An Upside To Climate Change? Better French Wine
by Alastair Bland
NPR freelance writer based in San Francisco who covers food, agriculture and the environment
While climate change threatens coastal cities and generates extreme weather, the effects of global warming could bring good news to some of France’s most esteemed vineyards.
Here, the conditions needed to produce early-ripening fruit, which is historically associated with highly rated wines, have become more frequent, according to research published online March 21, 2016 in the journal Nature Climate Change.
“Before 1980, you basically needed a drought to generate the heat to get a really early harvest,” says the study’s co-author, Benjamin Cook, a climate scientist with NASA’s Goddard Institute for Space Studies in New York City. “But since 1980, it’s been so warm because of climate change that you can get the hot summers and really early harvests without needing a drought.”
In other words, human-induced warming has become so pronounced that even drenching summer rains cannot always absorb, and reduce, the heat that helps ripening grapes develop sugars, acids and tannins.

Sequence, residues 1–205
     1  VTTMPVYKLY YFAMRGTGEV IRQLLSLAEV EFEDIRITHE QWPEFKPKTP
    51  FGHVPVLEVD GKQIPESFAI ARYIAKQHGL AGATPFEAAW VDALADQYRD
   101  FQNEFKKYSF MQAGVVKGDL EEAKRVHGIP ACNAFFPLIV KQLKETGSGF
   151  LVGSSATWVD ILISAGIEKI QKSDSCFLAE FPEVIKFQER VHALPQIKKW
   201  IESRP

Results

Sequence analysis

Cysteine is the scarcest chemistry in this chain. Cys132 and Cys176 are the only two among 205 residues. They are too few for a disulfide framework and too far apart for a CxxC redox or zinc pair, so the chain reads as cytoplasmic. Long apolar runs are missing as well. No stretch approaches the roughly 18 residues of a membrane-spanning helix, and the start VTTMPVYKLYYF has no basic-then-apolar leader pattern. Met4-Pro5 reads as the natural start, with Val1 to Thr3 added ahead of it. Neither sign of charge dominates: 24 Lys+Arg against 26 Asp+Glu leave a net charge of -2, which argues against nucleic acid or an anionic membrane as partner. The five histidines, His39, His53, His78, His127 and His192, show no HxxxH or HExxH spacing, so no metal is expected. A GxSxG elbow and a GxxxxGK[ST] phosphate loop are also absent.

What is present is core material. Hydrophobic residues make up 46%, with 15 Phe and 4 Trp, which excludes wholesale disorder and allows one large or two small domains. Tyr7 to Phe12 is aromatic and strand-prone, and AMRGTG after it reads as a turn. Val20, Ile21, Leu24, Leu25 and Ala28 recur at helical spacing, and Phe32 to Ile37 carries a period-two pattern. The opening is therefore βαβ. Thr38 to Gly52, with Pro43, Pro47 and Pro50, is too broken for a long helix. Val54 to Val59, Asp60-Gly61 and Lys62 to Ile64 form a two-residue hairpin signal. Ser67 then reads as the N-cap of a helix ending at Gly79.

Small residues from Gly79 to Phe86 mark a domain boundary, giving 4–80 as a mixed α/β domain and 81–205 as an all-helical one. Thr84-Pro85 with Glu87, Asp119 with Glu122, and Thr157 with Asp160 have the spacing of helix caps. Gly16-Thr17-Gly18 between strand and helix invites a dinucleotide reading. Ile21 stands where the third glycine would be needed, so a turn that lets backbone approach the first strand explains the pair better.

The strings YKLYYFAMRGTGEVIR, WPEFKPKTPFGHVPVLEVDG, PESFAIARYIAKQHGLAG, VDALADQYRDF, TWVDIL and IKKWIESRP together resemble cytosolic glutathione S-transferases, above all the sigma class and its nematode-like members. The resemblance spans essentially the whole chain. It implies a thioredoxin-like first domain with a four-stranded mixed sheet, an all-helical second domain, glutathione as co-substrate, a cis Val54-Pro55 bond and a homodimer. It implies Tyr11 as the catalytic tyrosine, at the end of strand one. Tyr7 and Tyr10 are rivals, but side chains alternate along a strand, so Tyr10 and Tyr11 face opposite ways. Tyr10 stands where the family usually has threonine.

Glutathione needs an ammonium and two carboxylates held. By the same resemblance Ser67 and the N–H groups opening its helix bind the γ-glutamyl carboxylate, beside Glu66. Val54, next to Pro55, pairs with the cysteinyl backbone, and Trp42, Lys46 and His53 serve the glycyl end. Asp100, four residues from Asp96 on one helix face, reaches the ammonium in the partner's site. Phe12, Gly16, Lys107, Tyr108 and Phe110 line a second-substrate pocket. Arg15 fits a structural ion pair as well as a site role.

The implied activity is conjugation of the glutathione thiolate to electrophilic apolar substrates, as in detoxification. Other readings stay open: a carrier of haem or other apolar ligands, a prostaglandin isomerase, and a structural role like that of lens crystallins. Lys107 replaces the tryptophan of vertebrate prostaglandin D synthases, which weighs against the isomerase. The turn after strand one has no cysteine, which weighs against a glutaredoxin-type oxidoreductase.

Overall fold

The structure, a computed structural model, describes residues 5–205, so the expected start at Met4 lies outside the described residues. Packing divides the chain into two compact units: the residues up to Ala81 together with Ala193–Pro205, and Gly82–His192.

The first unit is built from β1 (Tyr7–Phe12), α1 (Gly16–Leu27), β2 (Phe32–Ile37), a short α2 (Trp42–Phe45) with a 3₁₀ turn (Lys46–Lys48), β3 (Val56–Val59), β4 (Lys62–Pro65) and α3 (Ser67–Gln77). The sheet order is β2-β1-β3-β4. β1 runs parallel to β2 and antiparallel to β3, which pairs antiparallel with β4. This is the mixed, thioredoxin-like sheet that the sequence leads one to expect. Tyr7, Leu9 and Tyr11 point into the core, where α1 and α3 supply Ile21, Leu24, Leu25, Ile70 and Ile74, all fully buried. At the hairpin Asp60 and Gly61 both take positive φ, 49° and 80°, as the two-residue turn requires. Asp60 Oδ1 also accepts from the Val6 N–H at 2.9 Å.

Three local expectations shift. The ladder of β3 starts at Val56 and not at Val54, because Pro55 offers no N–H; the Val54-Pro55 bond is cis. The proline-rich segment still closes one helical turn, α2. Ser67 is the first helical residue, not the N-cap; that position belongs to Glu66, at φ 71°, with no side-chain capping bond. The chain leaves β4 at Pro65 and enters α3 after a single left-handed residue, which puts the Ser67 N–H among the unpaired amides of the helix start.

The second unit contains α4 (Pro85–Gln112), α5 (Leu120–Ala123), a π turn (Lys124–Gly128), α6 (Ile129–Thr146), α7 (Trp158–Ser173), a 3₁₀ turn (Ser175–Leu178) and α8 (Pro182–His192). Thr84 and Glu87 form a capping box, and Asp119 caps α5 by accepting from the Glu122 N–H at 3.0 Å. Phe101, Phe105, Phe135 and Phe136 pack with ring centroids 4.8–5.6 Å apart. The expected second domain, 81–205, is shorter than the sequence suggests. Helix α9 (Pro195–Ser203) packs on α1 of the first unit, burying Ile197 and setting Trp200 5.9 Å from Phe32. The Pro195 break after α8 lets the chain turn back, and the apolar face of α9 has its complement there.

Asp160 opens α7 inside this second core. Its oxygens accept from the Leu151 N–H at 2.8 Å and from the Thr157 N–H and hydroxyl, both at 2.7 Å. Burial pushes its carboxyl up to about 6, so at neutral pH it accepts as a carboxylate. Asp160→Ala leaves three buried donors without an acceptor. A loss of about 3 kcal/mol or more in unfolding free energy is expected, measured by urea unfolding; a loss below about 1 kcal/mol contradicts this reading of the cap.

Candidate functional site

Overall, this has meant earlier-than-average harvests, more frequently. That’s potentially a good thing for winemakers in the Bordeaux and Burgundy regions, where Cook and his co-author, Harvard University’s Elizabeth M. Wolkovich, focused their research.
“There is a very clear signal that the earlier the harvest, the much more likely that you’re going to have high-quality wines,” Cook says.
But Cook says the traditional reasoning that hotter weather, and an earlier harvest, means better wine may only hold true to a point. He notes that in 2003 an extremely dry, warm growing season preceded one of France’s earliest harvests on record. Grape growers were harvesting their fruit in mid- to late-August — several weeks earlier than usual.